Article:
The physicist Max Plank famously said science advances one death at a time.
Well, actually, what he said was longer than that, but over the past century his words appear to have been gradually condensed. He was pointing out that new ideas in science are often blocked by old ideas, that they are only able to emerge when the guardians of the old ideas die off.
Several big names in physics died not long before Einstein, working alone in the Swiss patent office, came up with his theory of special relativity. Plank helped him get it published and believed those deaths were crucial in that.
Einstein was only 26 years old then. For some reason, creativity tends to be stronger in the young than in the old. This phenomenon has been seen in the sciences, in mathematics, in music, literature and the arts for a long time.
Darwin was only 22 when he set out on the five-year round-the-world ocean journey that led to his theory of evolution.
Isaac Newton was only 23 when he began investigating the nature of light, and 34 when he began his famous work on gravity.
Werner Heisenberg was 26 when he presented his first theories on the Uncertainty Principle. Niels Bohr, another contemporary of Einstein, produced three major papers at age 28. All three were famous before they were 30.
Since Stephen Hawking died earlier this year, here are most of the well-known physicists we continue to hear from on TV, in science magazines and the internet:
Alan Guth – age 71
Andre Linde – age 70
Roger Penrose – age 86
Steven Weinberg – age 85
Sheldon Glashow – age 85
Edward Witten – age 66
John Barrow – age 65
David Deutsch – age 65
Michio Kaku – age 71
Leonard Susskind – age 78
Gerard ‘t Hooft – age 72
Paul Steinhardt – age 65
Neil Turok – age 59
Lee Smolin – age 63
Sean Carroll – age 52
Lisa Randall – age 56
Brian Greene – age 55
Max Tegmark – age 51
Kip Thorne – age 78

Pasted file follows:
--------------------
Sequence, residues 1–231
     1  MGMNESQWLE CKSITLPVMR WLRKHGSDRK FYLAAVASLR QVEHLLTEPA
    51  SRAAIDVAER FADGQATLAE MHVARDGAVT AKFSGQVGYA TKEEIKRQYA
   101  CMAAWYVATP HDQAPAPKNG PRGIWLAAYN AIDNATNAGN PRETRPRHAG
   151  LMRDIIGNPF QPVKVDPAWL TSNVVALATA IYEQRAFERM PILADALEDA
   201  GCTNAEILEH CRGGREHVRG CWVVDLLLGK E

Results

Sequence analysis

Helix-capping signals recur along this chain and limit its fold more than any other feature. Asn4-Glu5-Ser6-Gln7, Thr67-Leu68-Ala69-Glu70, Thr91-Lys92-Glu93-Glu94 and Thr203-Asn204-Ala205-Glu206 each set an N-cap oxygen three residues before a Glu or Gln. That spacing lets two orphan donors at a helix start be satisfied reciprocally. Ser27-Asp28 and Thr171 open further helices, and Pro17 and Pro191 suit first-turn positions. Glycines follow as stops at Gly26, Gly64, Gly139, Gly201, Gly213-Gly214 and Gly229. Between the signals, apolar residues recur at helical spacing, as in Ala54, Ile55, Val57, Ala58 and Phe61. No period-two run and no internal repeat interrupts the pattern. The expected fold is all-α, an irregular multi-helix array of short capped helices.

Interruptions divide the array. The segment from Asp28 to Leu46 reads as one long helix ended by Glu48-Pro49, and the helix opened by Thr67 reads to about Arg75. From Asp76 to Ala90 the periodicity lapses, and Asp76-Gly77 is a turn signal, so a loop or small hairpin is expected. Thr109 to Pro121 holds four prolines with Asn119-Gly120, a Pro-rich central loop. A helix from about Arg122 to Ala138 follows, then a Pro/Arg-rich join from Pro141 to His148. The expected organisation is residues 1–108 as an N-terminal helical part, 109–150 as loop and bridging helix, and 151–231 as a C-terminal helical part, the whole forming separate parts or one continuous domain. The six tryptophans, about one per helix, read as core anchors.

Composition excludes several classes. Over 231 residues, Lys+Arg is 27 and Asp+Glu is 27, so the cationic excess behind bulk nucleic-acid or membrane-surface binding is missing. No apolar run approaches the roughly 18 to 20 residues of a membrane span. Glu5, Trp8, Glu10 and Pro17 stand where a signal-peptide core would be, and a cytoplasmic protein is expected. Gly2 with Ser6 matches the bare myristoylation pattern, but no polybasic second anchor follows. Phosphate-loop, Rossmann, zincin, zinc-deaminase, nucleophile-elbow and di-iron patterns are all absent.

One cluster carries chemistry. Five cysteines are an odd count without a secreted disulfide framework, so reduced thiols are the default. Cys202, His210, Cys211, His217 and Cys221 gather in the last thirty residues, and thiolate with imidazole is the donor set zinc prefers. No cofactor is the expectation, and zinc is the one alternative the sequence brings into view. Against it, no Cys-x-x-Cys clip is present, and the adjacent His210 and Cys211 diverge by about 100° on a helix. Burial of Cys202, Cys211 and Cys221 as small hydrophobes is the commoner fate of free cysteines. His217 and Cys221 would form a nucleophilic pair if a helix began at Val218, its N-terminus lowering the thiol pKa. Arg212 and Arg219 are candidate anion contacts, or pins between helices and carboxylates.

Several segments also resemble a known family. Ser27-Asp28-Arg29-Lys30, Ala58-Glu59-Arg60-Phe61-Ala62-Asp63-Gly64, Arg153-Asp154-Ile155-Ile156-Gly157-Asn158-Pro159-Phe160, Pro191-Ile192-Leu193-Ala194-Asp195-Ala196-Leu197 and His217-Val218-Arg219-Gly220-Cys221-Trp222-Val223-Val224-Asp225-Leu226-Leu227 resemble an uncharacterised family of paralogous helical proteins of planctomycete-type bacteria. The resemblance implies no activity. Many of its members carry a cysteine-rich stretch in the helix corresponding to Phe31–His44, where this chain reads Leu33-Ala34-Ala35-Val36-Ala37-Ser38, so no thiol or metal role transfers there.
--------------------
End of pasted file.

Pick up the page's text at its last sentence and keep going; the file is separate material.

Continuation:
Frank Wilczek – age 67
I was going to include British physicist Paul Davies, who gave us many good books, but I just learned that he died in 2014 at age 68. I’m sure there are a few other worthy names I have missed.
Where are today’s famous young physicists?
Nowhere to be seen, it seems. This elephant in the room of science today looks enormous to me, but it seems to be invisible to the mainstream media. No one asks that question, so I’ve asked it here.
The answer, I think, is that there are young physicists with new ideas but no one will listen to them, or let them do the work that might make them famous.
Don’t get me wrong – I’m not suggesting those in the above list aren’t capable of new thoughts. They argue constantly among themselves, sometimes in innovative entertaining ways, but they don’t let any young voices into the debate.
It isn’t that young scientists aren’t trying. In a 2014 letter to New Scientist magazine, 33 physicists, many young though it does include some old rebels, proposed that funding be allowed for research questioning the Big Bang theory [read my previous post on that]. Looking back on the first half of the twentieth century, when physics was more open, they concluded:
Whereas Richard Feynman could say that “science is the culture of doubt,” in cosmology today doubt and dissent are not tolerated, and young scientists learn to remain silent if they have something negative to say about the standard big bang model.
To read the full letter, republished on Rense.com, click here.
I’m sure it’s not so different in other sciences. I also suspect it is the reason that mainstream literature seems so tired out now. Well-established authors, encouraged by editors, tramp over and over the same worn but reliable paths. Young authors must imitate them if they hope to get published. Even in politics, old politicians, elected by older voters, are making a mess of things everywhere as they try to block the future.
The young minds are out there. What are they thinking about? What new theories will they eventually reveal once the dominant thinkers of today are gone?